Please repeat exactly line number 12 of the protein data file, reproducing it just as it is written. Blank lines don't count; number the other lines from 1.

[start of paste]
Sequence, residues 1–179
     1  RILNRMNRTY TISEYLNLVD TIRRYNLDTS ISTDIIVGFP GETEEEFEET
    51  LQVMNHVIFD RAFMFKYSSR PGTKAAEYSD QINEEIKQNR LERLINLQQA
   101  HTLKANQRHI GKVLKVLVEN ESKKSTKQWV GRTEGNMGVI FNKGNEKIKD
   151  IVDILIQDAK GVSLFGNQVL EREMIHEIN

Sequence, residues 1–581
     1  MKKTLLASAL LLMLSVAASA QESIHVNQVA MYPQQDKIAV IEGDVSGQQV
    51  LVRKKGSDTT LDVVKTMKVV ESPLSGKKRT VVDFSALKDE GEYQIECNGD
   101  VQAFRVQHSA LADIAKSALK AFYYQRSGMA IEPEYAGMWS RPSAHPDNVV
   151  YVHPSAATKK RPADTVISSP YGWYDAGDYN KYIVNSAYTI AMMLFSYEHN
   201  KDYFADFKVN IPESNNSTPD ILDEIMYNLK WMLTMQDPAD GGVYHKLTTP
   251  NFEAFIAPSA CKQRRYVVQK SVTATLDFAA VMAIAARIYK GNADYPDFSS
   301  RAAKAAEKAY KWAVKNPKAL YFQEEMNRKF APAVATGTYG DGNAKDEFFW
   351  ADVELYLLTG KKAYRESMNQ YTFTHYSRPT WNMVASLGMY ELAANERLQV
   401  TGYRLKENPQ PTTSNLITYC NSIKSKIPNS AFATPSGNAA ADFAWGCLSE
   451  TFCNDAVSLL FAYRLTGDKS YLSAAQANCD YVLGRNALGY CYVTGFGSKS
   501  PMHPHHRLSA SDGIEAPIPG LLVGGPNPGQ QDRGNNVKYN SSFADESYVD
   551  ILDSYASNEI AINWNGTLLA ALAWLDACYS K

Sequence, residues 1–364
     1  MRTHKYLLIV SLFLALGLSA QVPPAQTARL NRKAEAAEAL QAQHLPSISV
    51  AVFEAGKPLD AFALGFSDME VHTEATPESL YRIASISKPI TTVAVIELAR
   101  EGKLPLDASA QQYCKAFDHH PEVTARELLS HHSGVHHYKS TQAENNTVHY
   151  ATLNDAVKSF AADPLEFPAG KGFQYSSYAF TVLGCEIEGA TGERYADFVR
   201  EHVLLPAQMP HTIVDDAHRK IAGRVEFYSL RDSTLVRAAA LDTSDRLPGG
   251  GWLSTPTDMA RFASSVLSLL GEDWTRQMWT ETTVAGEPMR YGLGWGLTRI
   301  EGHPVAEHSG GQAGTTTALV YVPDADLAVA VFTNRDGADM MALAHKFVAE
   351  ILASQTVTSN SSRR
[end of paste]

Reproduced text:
   251  NFEAFIAPSA CKQRRYVVQK SVTATLDFAA VMAIAARIYK GNADYPDFSS